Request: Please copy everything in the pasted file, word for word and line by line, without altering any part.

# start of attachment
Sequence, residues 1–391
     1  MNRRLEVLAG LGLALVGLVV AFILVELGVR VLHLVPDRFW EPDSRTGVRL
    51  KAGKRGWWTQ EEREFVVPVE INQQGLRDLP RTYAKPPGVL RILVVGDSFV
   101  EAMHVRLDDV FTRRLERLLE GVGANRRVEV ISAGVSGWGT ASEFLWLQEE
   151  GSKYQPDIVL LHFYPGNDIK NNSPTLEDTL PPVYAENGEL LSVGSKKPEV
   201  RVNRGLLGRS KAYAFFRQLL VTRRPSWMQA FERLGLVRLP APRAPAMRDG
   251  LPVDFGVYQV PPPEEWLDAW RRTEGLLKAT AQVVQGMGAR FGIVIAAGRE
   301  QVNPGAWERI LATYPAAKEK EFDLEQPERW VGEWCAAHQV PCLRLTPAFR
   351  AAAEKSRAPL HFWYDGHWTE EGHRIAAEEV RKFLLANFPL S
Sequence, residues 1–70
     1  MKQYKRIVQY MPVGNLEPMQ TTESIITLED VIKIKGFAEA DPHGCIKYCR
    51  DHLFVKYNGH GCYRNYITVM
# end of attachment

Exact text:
Sequence, residues 1–391
     1  MNRRLEVLAG LGLALVGLVV AFILVELGVR VLHLVPDRFW EPDSRTGVRL
    51  KAGKRGWWTQ EEREFVVPVE INQQGLRDLP RTYAKPPGVL RILVVGDSFV
   101  EAMHVRLDDV FTRRLERLLE GVGANRRVEV ISAGVSGWGT ASEFLWLQEE
   151  GSKYQPDIVL LHFYPGNDIK NNSPTLEDTL PPVYAENGEL LSVGSKKPEV
   201  RVNRGLLGRS KAYAFFRQLL VTRRPSWMQA FERLGLVRLP APRAPAMRDG
   251  LPVDFGVYQV PPPEEWLDAW RRTEGLLKAT AQVVQGMGAR FGIVIAAGRE
   301  QVNPGAWERI LATYPAAKEK EFDLEQPERW VGEWCAAHQV PCLRLTPAFR
   351  AAAEKSRAPL HFWYDGHWTE EGHRIAAEEV RKFLLANFPL S
Sequence, residues 1–70
     1  MKQYKRIVQY MPVGNLEPMQ TTESIITLED VIKIKGFAEA DPHGCIKYCR
    51  DHLFVKYNGH GCYRNYITVM